• 9. In order to improve the performance of Hadoop using Lustre as storage backend, we have to help JobTracker to access the data location of each split. Lustre provides some user utility to gather the extended attributes of a specific file. Because the Hadoop default block size is 32M, we set Lustre stripe size to 32M. This will make that each map task input is on a single node. We create a file containing the map from OST->hostname. This can be done with “lctl dl” command at each node. Another way, we add a new JAVA class to Hadoop source code and rebuild it to get a new jar. Through the new class we can get location information of each file stored in Lustre. The location information is saved in an array. When JobTracker pre-assign map tasks, these information helps Hadoop to give map task to the node(OSS) where it can read input from local disk. Details of each step of adding block location info: First, figure out task node’s hostname from OST number (lfs getstripe) and save as a configuration file. For example: Lustre-OST0000_UUID=oss2 Lustre-OST0001_UUID=oss3 Lustre-OST0002_UUID=oss1 Second, get location information of each file using function in Jshell.java. The location information will save in an array. Third, Modify FileSystem.java. Before modify getFileBlockLocations in FileSystem.java simply return an elt containing 'localhost'. Four, we will attach location information to each block (stripe). Differences of BlockLocation[] (FileSystem. getFileBlockLocations()) between before and after: hosts names offset length Before Modify localhost localhost:50010 offset in file length of block After Modify hostname hostname:50010 offset in file length of block Input/Output Formats There are many input/output formats in Hadoop, such as: SequenceFile(Input/Output)Format, Text(Input/Output)Format, DB(Input/Output)Format , etc. We can also implement our own file format by implementing InputFormat/OutputFormat interfaces. In this section, we firstly what typical input/output formats are and how they worked. At last, we explain the SequenceFile format in detail to bring a more clearly understanding. Format Inheritance UML Figure 5, 6 shows the Inheritance UML of Hadoop format.  InputFormat logically split the set of input files for the job. The Map-Reduce framework relies on the InputFormat of the job to:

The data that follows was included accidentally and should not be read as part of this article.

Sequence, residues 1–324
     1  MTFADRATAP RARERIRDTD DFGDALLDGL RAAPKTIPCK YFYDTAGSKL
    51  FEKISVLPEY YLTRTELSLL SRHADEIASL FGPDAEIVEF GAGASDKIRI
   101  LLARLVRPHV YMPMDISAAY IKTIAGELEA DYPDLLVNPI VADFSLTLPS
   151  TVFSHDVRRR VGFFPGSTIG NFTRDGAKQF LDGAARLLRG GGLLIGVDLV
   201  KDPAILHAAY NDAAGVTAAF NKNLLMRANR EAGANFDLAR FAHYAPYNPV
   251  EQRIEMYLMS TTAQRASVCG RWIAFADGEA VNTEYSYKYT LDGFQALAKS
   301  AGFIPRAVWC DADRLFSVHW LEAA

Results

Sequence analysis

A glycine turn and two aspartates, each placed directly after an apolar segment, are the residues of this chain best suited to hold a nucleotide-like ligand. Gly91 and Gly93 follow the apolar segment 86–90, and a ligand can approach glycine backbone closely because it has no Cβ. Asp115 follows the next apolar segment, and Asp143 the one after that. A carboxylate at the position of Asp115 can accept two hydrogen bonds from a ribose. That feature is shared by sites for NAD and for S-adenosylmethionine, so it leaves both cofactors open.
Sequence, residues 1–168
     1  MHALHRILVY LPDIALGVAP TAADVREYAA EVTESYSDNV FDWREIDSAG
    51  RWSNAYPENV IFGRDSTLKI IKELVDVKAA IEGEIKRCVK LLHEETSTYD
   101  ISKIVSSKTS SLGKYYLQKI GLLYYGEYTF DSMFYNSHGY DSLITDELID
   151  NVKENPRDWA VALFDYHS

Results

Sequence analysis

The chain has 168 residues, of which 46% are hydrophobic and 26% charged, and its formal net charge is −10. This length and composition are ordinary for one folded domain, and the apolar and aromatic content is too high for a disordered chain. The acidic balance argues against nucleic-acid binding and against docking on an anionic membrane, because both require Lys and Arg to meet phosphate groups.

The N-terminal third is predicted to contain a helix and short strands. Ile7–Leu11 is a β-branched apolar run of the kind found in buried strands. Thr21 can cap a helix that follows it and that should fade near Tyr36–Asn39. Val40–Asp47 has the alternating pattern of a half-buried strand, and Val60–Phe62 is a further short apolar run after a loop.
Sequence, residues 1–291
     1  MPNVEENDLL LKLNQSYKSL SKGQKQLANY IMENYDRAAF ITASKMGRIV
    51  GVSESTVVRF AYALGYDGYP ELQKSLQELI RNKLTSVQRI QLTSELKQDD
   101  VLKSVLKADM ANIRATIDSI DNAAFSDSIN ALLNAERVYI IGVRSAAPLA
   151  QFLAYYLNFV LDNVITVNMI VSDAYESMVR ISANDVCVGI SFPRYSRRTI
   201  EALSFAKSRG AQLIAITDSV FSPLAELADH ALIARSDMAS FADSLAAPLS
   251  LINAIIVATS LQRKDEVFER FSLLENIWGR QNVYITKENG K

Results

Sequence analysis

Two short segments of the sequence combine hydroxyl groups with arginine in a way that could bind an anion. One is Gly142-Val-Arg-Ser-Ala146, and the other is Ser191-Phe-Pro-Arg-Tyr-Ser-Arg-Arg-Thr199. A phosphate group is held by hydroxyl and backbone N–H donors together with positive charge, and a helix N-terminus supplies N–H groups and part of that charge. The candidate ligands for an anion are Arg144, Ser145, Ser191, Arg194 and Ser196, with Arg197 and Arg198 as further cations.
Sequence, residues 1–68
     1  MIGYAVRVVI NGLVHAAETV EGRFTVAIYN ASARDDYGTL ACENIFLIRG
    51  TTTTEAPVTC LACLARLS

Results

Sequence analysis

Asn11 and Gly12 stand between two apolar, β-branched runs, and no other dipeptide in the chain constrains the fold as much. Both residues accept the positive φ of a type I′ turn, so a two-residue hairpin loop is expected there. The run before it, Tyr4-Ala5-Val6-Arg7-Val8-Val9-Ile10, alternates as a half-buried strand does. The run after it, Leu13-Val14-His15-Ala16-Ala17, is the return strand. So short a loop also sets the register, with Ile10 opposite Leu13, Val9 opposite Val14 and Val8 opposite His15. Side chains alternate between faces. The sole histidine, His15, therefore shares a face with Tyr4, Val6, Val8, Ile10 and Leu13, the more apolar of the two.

• 10. 1. Validate the input-specification of the job. 2. getSplits():Split-up the input file(s) into logical InputSplits, each of which is then assigned to an individual Mapper. 3. getRecordReader(): Provide the RecordReader implementation to be used to glean input records from the logical InputSplit for processing by the Mapper.  OutputFormat describes the output-specification for a Map-Reduce job. The Map-Reduce framework relies on the OutputFormat of the job to: 1. checkOutputSpecs(): Validate the output-specification of the job. For e.g. check that the output directory doesn't already exist. 2. getRecordWriter(): Provide the RecordWriter implementation to be used to write out the output files of the job. Output files are stored in a FileSystem. <<接口>> InputFormat +getSplits() +getRecordReader() FileInputFormat DBOutputFormat SequenceFileInputFormat TextInputFormat MultiFileInputFormat NLineInputFormat Figure 5: InputFormat Inheritance UML <<接口>> OutputFormat +getRecordWriter() +checkOutputSpecs() FileOutputFormat DBOutputFormat SequenceFileOutputFormat TextOutputFormat MultipleOutputFormat Figure 6: OutputFormat Inheritance UML SequenceFileInputFormat/SequenceFileOutputFormat This is An InputFormat/OutputFormat SequenceFiles. This format is used in BigMapOutput test. SequenceFileInputFormat  getSplits(): splits files by file size and user configuration, and Splits files returned by #listStatus(JobConf) when they're too big..